Serpentinites are polymineralic rocks distributed almost ubiquitously across the globe in active tectonic regions. Magnetite-rich serpentinites are found in the low-strain domains of serpentinite shear zones, which act as potential sites of nucleation of unstable slip. To assess the potential of earthquake nucleation in these materials, we investigate the link between mechanical properties and fabric of these rocks through a suite of laboratory shear experiments. Our experiments were done at room temperature and cover a range of normal stress and slip velocity from 25 to 100 MPa and 0.3 to 300 μm s-1, respectively. We show that magnetite-rich serpentinites are ideal materials since they display strong sensitivity to the loading rate and are susceptible to nucleation of unstable slip, especially at low forcing slip velocities. We also aim at the integration of mechanical and microstructural results to describe the underlying mechanisms that produce the macroscopic behaviour. We show that mineralogical composition and mineral structure dictates the coexistence of two deformation mechanisms leading to stable and unstable slip. The weakness of phyllosilicates allows for creep during the interseismic phase of the laboratory seismic cycle while favouring the restoration of a load-bearing granular framework, responsible of the nucleation of unstable events. During dynamic slip, fault zone shear fabric determines the mode of slip, producing either asymmetric or Gaussian slip time functions for either fast or slow events. We report rate/state friction parameters and integrate our mechanical data with microstructural observations to shed light on the mechanisms dictating the complexity of laboratory earthquakes. We show that mineralogical and fabric heterogeneities control fault slip behaviour.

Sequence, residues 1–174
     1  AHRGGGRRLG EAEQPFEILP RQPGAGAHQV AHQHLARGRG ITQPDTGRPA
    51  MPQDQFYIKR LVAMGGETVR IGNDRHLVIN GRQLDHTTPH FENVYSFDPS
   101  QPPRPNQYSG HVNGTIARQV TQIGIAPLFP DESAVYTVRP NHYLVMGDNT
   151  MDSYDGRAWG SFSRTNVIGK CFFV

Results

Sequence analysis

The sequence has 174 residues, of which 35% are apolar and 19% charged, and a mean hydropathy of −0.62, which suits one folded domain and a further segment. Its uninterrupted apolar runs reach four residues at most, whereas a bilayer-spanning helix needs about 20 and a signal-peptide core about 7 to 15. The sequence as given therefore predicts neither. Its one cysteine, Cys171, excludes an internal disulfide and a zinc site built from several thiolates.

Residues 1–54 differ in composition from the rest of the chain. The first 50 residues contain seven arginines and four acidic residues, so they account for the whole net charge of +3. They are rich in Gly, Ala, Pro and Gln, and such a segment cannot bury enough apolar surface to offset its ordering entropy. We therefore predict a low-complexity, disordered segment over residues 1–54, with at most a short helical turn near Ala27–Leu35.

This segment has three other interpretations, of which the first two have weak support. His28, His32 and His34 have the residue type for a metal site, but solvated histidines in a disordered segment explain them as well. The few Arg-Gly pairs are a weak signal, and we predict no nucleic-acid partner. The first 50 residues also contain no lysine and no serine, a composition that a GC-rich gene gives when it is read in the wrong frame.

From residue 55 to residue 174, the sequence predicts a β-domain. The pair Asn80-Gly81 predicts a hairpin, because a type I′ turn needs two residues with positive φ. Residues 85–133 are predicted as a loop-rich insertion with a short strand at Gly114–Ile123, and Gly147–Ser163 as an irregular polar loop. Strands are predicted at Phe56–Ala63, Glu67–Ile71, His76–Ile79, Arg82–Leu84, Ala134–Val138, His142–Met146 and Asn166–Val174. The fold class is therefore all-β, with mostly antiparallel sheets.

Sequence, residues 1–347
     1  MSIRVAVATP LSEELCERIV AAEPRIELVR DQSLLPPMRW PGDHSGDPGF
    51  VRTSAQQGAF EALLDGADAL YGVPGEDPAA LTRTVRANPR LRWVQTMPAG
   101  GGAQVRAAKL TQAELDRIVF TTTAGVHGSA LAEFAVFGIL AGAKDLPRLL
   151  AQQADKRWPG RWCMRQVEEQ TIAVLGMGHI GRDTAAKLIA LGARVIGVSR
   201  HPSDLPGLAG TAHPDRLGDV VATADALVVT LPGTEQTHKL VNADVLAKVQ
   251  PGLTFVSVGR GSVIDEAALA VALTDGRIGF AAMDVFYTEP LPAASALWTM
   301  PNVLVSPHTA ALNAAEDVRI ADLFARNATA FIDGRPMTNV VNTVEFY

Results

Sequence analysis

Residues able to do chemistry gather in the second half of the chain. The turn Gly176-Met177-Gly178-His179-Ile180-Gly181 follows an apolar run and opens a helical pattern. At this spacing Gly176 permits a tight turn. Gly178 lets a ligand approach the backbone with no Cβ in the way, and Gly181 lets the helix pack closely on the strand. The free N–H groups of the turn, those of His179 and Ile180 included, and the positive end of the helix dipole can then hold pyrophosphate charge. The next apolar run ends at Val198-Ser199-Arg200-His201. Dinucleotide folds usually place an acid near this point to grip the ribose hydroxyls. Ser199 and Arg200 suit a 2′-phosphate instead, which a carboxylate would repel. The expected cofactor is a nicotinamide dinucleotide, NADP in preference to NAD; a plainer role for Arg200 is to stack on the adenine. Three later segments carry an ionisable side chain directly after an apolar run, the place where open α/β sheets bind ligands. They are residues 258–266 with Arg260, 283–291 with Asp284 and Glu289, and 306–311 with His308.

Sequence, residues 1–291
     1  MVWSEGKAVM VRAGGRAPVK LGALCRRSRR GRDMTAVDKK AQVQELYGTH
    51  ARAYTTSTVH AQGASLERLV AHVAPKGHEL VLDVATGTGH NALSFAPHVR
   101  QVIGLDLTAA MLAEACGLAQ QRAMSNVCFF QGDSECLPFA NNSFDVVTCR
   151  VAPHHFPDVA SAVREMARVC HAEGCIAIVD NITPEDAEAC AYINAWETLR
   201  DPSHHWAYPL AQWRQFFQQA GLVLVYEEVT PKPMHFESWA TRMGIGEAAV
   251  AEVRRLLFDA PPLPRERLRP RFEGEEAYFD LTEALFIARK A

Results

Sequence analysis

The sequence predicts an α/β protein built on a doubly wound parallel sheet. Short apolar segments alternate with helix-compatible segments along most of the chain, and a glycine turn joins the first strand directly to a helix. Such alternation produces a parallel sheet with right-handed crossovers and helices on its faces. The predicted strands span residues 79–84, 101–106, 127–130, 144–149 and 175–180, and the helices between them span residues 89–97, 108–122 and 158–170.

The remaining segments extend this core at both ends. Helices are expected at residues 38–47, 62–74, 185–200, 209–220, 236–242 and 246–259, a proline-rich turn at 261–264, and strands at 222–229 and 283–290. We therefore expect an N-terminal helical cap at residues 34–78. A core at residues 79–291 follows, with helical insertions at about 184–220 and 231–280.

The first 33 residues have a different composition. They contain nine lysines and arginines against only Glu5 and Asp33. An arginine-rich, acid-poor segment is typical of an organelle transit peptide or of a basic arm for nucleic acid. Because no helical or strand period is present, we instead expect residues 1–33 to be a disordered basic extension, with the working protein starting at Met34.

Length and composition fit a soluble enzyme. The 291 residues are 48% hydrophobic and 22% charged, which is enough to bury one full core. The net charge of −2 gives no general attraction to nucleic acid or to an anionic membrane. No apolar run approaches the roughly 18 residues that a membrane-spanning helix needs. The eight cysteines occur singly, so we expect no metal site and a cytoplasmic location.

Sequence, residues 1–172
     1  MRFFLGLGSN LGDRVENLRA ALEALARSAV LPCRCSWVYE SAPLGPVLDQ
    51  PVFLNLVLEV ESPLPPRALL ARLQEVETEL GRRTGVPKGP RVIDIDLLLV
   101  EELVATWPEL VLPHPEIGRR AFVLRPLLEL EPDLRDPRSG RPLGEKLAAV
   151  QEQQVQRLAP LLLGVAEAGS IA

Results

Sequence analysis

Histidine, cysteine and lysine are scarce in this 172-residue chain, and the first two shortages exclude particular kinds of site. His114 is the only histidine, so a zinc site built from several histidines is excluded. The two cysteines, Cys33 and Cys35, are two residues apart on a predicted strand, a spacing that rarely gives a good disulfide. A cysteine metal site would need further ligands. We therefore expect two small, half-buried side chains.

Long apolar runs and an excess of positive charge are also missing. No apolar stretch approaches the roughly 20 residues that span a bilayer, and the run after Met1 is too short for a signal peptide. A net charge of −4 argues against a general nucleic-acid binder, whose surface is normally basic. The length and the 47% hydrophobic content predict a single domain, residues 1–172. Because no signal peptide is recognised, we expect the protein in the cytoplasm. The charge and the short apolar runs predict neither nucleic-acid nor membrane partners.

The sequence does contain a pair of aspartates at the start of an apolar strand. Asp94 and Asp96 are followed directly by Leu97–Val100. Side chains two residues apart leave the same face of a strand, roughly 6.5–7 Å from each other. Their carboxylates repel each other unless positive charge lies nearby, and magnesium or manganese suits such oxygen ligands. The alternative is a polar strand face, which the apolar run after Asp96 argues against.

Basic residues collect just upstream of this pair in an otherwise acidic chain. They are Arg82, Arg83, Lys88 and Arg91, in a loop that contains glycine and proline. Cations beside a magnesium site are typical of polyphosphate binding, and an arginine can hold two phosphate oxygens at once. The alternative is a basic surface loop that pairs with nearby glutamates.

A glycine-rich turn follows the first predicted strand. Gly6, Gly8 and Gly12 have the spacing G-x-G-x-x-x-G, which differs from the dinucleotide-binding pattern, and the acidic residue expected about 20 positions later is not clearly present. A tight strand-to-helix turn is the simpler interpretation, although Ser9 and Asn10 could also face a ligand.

All Science Journal Classification (ASJC) codes
- Geochemistry and Petrology